Westfield, New Jersey facts for kids
Westfield, New Jersey
Miller-Cory House Museum
Map of Westfield in Union County. Inset: Location of Union County highlighted in the State of New Jersey.
Census Bureau map of Westfield, New Jersey
|Formed||January 27, 1794|
|Incorporated||February 21, 1798, as township|
|Reincorporated||March 4, 1903, as town|
|• Type||Special Charter|
|• Body||Town Council|
|• Mayor||Andrew Skibitsky (R, term ends December 31, 2017)|
|• Administrator||James H. Gildea|
|• Clerk||Claire J. Gray|
|• Total||6.743 sq mi (17.463 km2)|
|• Land||6.719 sq mi (17.401 km2)|
|• Water||0.024 sq mi (0.062 km2) 0.36%|
|Area rank||245th of 566 in state
5th of 21 in county
|Elevation||118 ft (36 m)|
| • Estimate
|• Rank||74th of 566 in state
5th of 21 in county
|• Density||4,512.2/sq mi (1,742.2/km2)|
|• Density rank||127th of 566 in state
12th of 21 in county
|Time zone||UTC-5 (Eastern (EST))|
|• Summer (DST)||UTC-4 (Eastern (EDT))|
|GNIS feature ID||0885436|
Westfield is a town in Union County of New Jersey, United States. As of the 2010 United States Census, the town's population was 30,316, reflecting an increase of 672 (+2.3%) from the 29,644 counted in the 2000 Census, which had in turn increased by 774 (+2.7%) from the 28,870 counted in the 1990 Census. According to a 2014 nationwide survey, Westfield is considered to be the 30th-safest city to live in the United States.
The old village area, now the downtown district, was settled in 1720 as part of the Elizabethtown Tract. Westfield was originally formed as a township on January 27, 1794, from portions of Elizabeth Township, while the area was still part of Essex County, and was incorporated on February 21, 1798, as one of New Jersey's initial group of 104 townships by an act of the New Jersey Legislature. It became part of the newly formed Union County on March 19, 1857. Portions of the township have been taken to form Rahway Township (February 27, 1804), Plainfield Township (April 5, 1847), Cranford Township (March 14, 1871), Fanwood Township (March 6, 1878; now known as Scotch Plains) and Mountainside (September 25, 1895). The Town of Westfield was incorporated on March 4, 1903, replacing Westfield Township. The name of the town is derived from its location in the western, undeveloped fields of the Elizabethtown tract.
According to the United States Census Bureau, the town had a total area of 6.743 square miles (17.463 km2), including 6.719 square miles (17.401 km2) of land and 0.024 square miles (0.062 km2) of water (0.36%).
Unincorporated communities, localities and place names located partially or completely within the township include Germantown.
Six municipalities border the town of Westfield: Mountainside to the north, Springfield Township to the northeast, Garwood and Cranford to the east, Clark to the southeast, and Scotch Plains to the west and southwest.
Westfield consists of two sides of the town, the North Side and the South Side. Neighborhoods include Brightwood, Country Club Estates, The Gardens, Indian Forest, Kimball Avenue Historic District, Manor Park, Stonehenge, Stoneleigh Park and Wychwood.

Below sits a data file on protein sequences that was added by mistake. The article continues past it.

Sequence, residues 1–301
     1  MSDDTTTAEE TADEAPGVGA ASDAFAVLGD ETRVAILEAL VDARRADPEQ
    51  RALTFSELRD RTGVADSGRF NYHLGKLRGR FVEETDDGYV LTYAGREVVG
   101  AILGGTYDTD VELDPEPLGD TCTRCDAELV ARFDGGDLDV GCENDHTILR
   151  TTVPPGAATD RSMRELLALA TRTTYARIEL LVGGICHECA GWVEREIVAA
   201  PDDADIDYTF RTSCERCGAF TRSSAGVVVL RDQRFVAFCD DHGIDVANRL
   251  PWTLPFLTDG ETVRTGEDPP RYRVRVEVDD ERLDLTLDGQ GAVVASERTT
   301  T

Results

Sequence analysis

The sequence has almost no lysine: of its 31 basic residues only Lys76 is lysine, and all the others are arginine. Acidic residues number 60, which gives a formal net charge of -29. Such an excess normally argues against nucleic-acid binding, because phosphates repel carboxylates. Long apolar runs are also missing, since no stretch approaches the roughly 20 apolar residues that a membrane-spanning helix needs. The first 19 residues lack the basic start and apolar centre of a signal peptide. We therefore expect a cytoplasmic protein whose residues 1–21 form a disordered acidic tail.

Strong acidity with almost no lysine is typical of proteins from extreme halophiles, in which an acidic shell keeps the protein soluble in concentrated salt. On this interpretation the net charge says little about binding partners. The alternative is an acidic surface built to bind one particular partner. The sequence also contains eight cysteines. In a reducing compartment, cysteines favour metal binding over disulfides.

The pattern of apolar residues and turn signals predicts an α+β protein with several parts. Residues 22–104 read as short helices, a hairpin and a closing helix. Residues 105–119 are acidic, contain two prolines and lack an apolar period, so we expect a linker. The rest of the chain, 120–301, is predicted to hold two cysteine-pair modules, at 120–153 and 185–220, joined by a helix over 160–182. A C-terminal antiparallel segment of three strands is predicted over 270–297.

The Westfield Memorial Library was founded in 1873 as the "Every Saturday Book Club" and has evolved over the past century into the Westfield Memorial Library of today. The Library is located in a large, modern, Williamsburg-style building at 550 East Broad Street. The library's collection consists of over 250,000 books, two dozen public computers, a wide array of multimedia options, a large youth services area with a vivid mural depicting Westfield history, and multiple tables and carrels for studying. The library offers classes for adults and children, storytimes for children, and computer instruction.
Westfield's downtown features many local and national stores, such as Lord & Taylor and several landmarks that were shown and used in the NBC network television show Ed such as the Rialto Theater. There are over 40 restaurants and casual dining establishments throughout the downtown. Downtown is located mostly north of the Westfield train station. The downtown area has a mix of independent stores and boutiques as well as national stores. Over one-third of the retailers and restaurants have existed for 25 years or more.
Downtown Westfield, with over 200 retail establishments and 400 commercial enterprises, is a regional destination in New Jersey. The Downtown Westfield Corporation (DWC) manages the Special Improvement District (SID) area's growth and enhancement. The DWC participates in the National Main Street program associated with the National Trust for Historic Preservation. It is funded by a SID assessment on downtown properties and operates as the district's management agency. The DWC sponsors marketing efforts and promotions, special event planning, urban design and building improvement projects. The DWC works closely with the town government and volunteer groups to improve the downtown area. In 2004, Westfield won the Great American Main Street Award from the National Trust. In 2010, Westfield was the winner of the America in Bloom contest for communities with a population of 25,001–50,000 against the other two towns entered in their category. Shopping and dining in Westfield attracts citizens from other communities across the state.
Several war memorials (including ones dedicated to the Korean War, World War II, and the Spanish–American War) are located in a plaza near the downtown. The plaza is also home to the September 11 Memorial Park, which pays special tribute to the residents of Westfield who died in the September 11 terrorist attacks.
1810–1920 1840 1850–1870
1850 1870 1880–1890
1930–1990 2000 2010
* = Lost territory in previous decade.
Westfield has a significant Jewish community.
As of the census of 2010, there were 30,316 people, 10,566 households, and 8,199 families residing in the town. The population density was 4,512.2 per square mile (1,742.2/km2). There were 10,950 housing units at an average density of 1,629.8 per square mile (629.3/km2)*. The racial makeup of the town was 88.17% (26,729) White, 3.25% (984) Black or African American, 0.12% (36) Native American, 5.67% (1,718) Asian, 0.03% (10) Pacific Islander, 0.79% (241) from other races, and 1.97% (598) from two or more races. [[Hispanic (U.S. Census)|Hispanic or Latino of any race were 4.92% (1,492) of the population.